Modeled on Renaissance Community Cooperative in Greensboro, organizers of SHARE in Winston-Salem are undertaking an ambitious plan to open a cooperative grocery on Peters Creek Parkway in the fall of 2018.

Plans for a cooperative grocery to address food scarcity in Winston-Salem took a step forward this week as consultants from Minnesota launched a feasibility study to determine whether the community can support the venture.

SHARE, which stands for “Supplying Honest and Respectful Engagement,” held an open house at its temporary office in the West Salem Shopping Center on April 29, next door to the retail space earmarked for the future store. And on Monday, Dakota Worldwide, a Minneapolis-based market research firm, commenced a feasibility study with funds from a $21,800 seed grant from the city of Winston-Salem. Part of the grant will also finance a plan for developing a governance structure.

The organizers are moving on an aggressive timetable, with plans to open the store in the fall of 2018. SHARE is closely modeled after the Renaissance Community Cooperative, which opened in northeast Greensboro last November after five years of planning. The two men behind SHARE hope that by studying the model in the neighboring city, they can accelerate progress on the Winston-Salem store.

“We are determined not to reinvent the wheel,” said Gary Williams, the project coordinator. “We want to be the hub and spoke for that, identifying where food can come from and where we can serve this food in the community and distribute the food in the community, particularly in communities of need.”

Williams and the Rev. Willard Bass, the founding partner, have already met with representatives of Triad Buying Co-op, a Winston-Salem-based organization that sources local dairy, produce and bread, and could potentially act as a supplier for the planned retail store.

Williams and Bass envision SHARE as a retail extension of Triad Buying Co-op that could leverage the latter entity’s buying power to achieve efficiencies of scale and pass on cost savings to consumers. The proposed location — on a commercial corridor more than a half mile south of BB&T Ballpark and sandwiched between the West Salem and Ardmore neighborhoods — straddles two Census tracts officially designated as food deserts by the US Department of Agriculture. Yet wide swaths of the city’s north end and the southeast down to the Davidson County line are also food deserts, and Williams and Bass recognize they need buy-in from the entire city to make the project work.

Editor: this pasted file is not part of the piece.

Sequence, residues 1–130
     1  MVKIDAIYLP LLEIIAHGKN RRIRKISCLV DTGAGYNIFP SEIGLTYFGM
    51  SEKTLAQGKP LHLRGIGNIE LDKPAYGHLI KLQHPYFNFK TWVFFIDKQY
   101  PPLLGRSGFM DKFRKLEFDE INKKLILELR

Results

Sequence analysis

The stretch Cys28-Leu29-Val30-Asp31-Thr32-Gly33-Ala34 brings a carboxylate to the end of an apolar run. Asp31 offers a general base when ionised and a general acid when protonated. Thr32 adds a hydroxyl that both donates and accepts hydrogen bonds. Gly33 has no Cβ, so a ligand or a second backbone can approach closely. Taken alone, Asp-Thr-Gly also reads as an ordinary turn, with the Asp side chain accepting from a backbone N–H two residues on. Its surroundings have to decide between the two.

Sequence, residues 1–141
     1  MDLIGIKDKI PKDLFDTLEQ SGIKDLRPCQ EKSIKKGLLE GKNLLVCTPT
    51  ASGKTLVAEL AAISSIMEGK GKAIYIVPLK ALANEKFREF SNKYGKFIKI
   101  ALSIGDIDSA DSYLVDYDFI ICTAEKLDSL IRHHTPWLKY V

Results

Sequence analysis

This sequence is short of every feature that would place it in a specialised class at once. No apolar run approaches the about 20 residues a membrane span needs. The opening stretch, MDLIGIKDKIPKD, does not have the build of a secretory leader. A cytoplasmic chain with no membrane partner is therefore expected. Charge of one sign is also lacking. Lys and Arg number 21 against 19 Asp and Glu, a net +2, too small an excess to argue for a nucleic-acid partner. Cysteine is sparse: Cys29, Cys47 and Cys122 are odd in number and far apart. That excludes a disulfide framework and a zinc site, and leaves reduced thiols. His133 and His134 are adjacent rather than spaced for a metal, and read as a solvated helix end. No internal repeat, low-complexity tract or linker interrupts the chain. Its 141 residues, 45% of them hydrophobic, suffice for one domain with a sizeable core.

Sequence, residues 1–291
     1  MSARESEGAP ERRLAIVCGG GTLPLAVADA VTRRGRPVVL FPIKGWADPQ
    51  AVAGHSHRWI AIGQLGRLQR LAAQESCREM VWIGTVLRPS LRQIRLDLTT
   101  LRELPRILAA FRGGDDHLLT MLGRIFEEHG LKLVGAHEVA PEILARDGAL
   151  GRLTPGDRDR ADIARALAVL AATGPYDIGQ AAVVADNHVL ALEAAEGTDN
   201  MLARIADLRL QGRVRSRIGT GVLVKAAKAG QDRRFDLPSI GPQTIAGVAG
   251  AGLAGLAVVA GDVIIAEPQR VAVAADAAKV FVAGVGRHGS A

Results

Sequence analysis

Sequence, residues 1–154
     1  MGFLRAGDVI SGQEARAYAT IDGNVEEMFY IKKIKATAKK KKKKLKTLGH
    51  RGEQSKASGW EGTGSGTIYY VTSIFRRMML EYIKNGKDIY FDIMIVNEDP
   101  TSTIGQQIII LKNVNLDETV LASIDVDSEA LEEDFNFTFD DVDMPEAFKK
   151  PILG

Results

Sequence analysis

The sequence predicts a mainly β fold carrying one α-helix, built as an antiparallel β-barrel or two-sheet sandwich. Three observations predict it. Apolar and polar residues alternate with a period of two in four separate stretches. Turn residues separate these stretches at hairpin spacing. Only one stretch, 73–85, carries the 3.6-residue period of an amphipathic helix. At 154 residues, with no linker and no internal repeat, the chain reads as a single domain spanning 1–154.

“For the people who don’t have access, the service we’ll provide is transportation and delivery services,” Bass said.

“It is a traditional storefront,” he added, “but we’re thinking the opportunity is developing an alternative distribution network to smaller entities.” As an example of the collaborative nature of the project, Bass said the food cooperative might be able to pass on ingredients to food trucks at a lower cost than their traditional suppliers.

“We are really attempting to do something that has far-reaching ramifications,” Bass said. “We want this to be something the community as a whole participates in. It’s almost a given that folk around the store will be the primary customers. The idea of this is to exhibit a culture of change and inclusivity. We have a culture of division in this city that we want to transcend.”

Bass said the estimated cost to launch the co-op runs between $2.3 million and $2.5 million. They plan to launch a membership drive in about six months, with a goal of raising $750,000. The remainder of the funding will likely have to come from governmental sources and foundations, they said. The goal is for the cooperative to eventually pay for itself.

“It will be self-sustaining,” Williams said. “It will be profitable. It will earn a profit, and it will be reinvested back into the Winston-Salem community.”

Yet to be determined are logistical considerations like how much of day-to-day operations will be handled by paid staff versus volunteers. Williams and Bass said they’re at the beginning stages of a “customer discovery process” to determine what local residents want from a cooperative grocery. From early conversations, so far they’ve heard that affordability, healthy offerings and wide selection are important.

“It will require knocking on some doors,” Bass said. “We want some people identified as community advocates going to door to door. We’re also looking for liaisons. These will be people from the community that we’ll recruit to serve as spokespersons for the community.”

Williams added, “We’ve gotten very favorable feedback. We’re in the process of creating a more formal process of community-based participatory research. We’re going to ask: What are the needs of the community? What would you like to see the response to that need look like? This whole thing is very collaborative.”

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